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COVER STORY

Was Pharaoh a Reformer or a Cipher?

March 16, 2000|ROBERT FAGGEN | SPECIAL TO THE TIMES

In 1824, Jean Francois Champollion, the first Egyptologist, observed the stone sculptures at the ancient Egyptian city of Amarna and was mildly puzzled by the pharaoh's strange physique: "King very fat and swollen, big belly. Feminine contours . . . considerable softness," he wrote in his journal.

This was the first but not the last time that someone would speculate that Akhenaten may have been a woman in disguise, an alien from another civilization or a man seriously deformed by disease. After all, the striking figure depicted in sculptures and rock tombs had an elongated head, a swan neck, wide hips, swelling breasts and large thighs. He seemed hardly different in form from his queen. Thirty years after Champollion, a German Egyptologist named Karl Lepsius speculated that the pharaoh's strange representations might be one aspect of a brief religious and cultural revolution.

Serious interest in Akhenaten developed in the late 19th century. By the early 20th century, archeologists and anthropologists were describing him as one of the great men of history, forerunner of the Judeo-Christian tradition and martyr of an enlightened faith. In 1923, historian Arthur Weigall wrote that Akhenaten was "the first man to whom God revealed himself."

Akhenaten appears in Thomas Mann's 1922 novel "Joseph and His Brothers" as an enlightened pharaoh imparting wisdom to the exiled Joseph. In "Moses and Monotheism" (1939), Sigmund Freud argued that Akhenaten had been the first monotheist and the source of Moses' religious ideas. In a 1960 article, Immanuel Velikovsky wrote that Akhenaten's "criminal" status had less to do with religious heresy than with incest; the pharaoh was, he asserted, the true historic model of tragic King Oedipus.

These mythic interpretations have faded, but the extensive excavation at Amarna during the last 50 years hasn't settled the debate over Akhenaten.

Scholars agree on a few facts. When King Amenhotep III died around 1353 BC, his son and possible co-regent, Amenhotep IV, assumed the throne. At that moment, the polytheistic religion of Egypt all but disappeared and the only god anyone was permitted to worship was the Aten, the light of the sun, represented as a disk with long arm-like rays. Amenhotep IV changed his name to Akhenaten, meaning "he who is effective for the Aten." He moved the capital of Egypt north from Thebes to Amarna, built a new city for 50,000 people and called it Akhetaten.

Devoted entirely to this new religion, Akhenaten focused little on foreign affairs, war or other typical matters of state. He ruled with his queen Nefertiti and had six daughters. He died around 1336 BC--scholars remain unsure of the circumstances--and was eventually succeeded by a 10-year-old, Tutankhamen. The old gods were restored and Amarna abandoned. Few further references are made to Akhenaten except as a heretic and an anathema.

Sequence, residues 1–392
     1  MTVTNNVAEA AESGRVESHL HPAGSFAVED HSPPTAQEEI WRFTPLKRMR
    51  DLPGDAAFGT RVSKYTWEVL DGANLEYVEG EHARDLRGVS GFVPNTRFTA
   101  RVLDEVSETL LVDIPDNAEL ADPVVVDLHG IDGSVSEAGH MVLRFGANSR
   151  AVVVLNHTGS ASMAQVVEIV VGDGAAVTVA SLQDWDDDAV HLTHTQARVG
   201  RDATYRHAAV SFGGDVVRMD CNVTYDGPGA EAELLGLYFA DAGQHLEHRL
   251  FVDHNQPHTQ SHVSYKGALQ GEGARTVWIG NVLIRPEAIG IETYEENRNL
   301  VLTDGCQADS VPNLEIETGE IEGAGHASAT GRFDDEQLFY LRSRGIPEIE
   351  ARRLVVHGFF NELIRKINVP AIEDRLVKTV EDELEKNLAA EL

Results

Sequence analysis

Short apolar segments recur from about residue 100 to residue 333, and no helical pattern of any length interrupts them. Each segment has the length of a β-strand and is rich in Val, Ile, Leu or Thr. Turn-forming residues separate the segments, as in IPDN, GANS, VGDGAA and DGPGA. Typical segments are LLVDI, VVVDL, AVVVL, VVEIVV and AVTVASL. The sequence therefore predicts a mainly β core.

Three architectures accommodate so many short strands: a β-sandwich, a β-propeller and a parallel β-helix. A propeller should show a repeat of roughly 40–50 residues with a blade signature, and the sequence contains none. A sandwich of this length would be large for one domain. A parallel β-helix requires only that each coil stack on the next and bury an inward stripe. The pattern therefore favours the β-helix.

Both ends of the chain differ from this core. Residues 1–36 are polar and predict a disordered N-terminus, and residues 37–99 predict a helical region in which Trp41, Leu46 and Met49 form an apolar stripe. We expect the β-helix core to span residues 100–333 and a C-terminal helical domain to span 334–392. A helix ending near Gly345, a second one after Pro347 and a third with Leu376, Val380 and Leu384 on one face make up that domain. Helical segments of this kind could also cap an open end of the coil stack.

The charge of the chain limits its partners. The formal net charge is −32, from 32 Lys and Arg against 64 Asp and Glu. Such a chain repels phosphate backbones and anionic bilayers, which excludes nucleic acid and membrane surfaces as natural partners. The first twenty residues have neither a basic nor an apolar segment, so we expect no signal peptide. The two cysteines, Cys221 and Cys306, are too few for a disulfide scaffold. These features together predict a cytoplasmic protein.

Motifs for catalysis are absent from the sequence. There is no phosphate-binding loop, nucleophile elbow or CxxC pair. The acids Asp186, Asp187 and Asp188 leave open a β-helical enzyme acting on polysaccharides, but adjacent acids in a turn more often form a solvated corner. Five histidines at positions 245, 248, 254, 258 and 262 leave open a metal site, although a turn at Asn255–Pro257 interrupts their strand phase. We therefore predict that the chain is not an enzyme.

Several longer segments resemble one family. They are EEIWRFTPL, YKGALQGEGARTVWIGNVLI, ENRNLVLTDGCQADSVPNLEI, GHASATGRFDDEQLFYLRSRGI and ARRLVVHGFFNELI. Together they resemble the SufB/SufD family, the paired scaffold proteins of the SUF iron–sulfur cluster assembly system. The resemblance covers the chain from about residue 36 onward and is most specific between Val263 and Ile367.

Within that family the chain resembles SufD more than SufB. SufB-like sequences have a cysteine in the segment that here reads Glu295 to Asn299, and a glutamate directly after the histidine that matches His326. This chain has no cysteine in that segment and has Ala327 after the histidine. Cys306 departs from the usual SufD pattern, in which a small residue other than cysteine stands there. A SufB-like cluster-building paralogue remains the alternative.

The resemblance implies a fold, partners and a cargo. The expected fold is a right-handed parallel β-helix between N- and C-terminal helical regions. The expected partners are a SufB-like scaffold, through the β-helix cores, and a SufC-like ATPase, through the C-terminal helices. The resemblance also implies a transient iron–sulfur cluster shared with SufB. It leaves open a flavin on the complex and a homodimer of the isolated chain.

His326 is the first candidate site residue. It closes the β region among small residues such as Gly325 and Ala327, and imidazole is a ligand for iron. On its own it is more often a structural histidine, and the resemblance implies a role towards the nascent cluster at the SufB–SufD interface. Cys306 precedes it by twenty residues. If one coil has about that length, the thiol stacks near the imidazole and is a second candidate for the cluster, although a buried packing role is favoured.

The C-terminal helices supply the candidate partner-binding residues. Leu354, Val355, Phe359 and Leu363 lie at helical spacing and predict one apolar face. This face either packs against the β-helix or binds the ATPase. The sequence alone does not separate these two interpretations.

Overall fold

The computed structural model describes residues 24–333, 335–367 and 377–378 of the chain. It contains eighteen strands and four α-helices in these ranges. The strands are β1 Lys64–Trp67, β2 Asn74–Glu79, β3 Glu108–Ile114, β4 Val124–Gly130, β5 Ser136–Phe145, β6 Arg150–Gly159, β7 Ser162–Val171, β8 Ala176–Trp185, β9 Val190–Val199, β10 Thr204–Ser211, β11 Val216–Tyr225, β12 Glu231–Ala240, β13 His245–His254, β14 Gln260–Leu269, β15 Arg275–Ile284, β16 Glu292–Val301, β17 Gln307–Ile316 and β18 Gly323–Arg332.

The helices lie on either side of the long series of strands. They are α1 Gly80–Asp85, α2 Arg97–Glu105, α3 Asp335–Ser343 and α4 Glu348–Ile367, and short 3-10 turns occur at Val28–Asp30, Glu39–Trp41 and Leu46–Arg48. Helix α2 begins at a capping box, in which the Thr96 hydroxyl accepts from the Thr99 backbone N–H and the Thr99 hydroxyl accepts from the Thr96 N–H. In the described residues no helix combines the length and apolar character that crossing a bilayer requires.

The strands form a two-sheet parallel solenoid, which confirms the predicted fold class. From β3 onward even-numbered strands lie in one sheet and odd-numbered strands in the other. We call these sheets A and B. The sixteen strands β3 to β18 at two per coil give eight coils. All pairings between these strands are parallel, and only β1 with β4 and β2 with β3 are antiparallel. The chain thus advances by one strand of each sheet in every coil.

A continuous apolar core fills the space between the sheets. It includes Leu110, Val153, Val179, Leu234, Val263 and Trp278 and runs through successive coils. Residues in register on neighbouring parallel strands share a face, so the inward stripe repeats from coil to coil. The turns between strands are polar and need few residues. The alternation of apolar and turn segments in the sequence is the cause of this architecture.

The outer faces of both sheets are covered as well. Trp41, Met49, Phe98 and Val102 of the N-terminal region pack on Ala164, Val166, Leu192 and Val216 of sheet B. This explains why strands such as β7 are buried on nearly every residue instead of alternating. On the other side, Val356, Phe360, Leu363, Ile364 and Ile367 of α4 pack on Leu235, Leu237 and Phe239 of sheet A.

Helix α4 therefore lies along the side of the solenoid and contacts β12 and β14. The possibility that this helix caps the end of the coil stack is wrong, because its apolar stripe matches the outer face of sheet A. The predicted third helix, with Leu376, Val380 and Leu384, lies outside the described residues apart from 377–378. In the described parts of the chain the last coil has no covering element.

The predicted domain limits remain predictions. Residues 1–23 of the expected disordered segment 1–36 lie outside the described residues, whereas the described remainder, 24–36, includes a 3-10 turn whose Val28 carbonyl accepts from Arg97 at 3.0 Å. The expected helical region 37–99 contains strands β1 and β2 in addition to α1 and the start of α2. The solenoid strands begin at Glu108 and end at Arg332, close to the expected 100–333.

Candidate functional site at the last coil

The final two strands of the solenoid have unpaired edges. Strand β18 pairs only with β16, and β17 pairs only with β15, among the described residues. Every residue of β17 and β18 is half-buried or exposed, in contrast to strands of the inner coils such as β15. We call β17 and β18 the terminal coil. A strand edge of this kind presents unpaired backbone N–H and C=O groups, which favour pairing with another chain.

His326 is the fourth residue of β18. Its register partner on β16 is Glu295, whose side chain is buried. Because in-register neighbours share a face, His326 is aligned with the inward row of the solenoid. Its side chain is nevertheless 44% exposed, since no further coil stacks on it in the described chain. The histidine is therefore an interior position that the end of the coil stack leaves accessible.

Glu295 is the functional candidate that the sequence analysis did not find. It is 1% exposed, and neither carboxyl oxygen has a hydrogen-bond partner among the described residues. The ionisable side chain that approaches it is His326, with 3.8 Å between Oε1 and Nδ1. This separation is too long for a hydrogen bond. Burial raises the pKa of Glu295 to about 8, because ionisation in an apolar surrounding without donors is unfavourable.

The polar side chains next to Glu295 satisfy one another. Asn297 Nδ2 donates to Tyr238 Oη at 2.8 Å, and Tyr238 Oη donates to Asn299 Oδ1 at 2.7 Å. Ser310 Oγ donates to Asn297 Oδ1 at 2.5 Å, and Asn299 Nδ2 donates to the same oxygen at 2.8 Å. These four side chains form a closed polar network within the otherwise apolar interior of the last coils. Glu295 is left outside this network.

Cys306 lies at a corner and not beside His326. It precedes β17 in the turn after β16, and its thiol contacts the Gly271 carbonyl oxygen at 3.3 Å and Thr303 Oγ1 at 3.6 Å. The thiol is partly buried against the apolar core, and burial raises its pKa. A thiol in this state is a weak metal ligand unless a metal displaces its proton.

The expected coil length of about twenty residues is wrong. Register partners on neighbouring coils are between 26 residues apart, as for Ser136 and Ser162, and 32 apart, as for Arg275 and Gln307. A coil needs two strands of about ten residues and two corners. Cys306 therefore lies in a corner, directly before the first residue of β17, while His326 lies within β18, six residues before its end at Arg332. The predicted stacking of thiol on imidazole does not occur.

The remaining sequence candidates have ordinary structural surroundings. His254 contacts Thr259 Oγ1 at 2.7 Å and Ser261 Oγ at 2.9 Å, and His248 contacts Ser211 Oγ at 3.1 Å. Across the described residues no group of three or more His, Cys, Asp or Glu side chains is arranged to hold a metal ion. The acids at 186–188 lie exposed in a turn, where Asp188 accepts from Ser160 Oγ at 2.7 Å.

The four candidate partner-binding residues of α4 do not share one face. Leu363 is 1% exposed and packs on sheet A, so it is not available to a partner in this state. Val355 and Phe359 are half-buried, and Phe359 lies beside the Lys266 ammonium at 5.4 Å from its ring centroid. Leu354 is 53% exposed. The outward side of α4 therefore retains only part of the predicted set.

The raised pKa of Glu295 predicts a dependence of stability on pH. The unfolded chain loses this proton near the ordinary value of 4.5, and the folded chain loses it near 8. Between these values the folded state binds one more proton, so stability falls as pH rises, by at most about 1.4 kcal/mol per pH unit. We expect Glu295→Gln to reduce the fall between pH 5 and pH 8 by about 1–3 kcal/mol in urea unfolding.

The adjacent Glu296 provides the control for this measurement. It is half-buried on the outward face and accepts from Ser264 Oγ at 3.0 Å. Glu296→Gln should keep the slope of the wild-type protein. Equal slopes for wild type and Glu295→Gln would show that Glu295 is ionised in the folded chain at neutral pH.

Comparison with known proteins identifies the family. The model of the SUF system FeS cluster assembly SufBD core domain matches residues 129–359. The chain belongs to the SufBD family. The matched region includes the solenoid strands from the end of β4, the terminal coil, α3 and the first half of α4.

How heretical was his religion? Certainly sun worship was not new in Egypt, but the exclusion and purification of all other gods had no precedent. Most of the evidence for Akhenaten's religious thought comes from his "Hymn to the Aten," a religious poem that bears comparison to Psalm 104 and St. Francis' "Hymn to Brother Sun." Akhenaten was less a sun worshiper than obedient to the transcendent idea of light, a new and strikingly clear religious principle. Less well known is Akhenaten's eradication of the cult of Osiris (god of the underworld) and de-emphasis on the idea of an afterlife.

Little evidence exists to explain what inspired Akhenaten or what became of his reforms. The condescending views of him as a forerunner of monotheism, Christianity or modernity have not held. There is no evidence that Akhenaten had any direct influence on Moses. Akhenaten's "monotheism" possesses an inhuman purity to a degree greater than anything in the Pentatuch or even in Job. Monotheism had long been a current of ancient Egyptian culture, and Akhenaten neither invented nor discovered it.

The tragedies of 20th century totalitarianism have led some scholars to ask whether Akhenaten's religious reforms produced a free-thinking monotheism or a stifling monomania. Some see Akhenaten as a despot who seized power from the priests. Others see him as a cult fanatic who projected a god into the skies and named himself its only son, rewarding his sycophants and possibly torturing dissenters. There is no sure way to know.

We are left with the phenomenon of a king who may well have been a religious free-thinker and visionary poet or a tyrant and madman. Either way, his vision found remarkable representation in the art and architecture of a new city. It lasted only 17 years. More than 3,500 years later, the ruins of his kingdom continue to be a mirror in which our own age sees some of its greatest hopes--and worst fears.

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Robert Faggen is chair of the department of literature at Claremont McKenna College.

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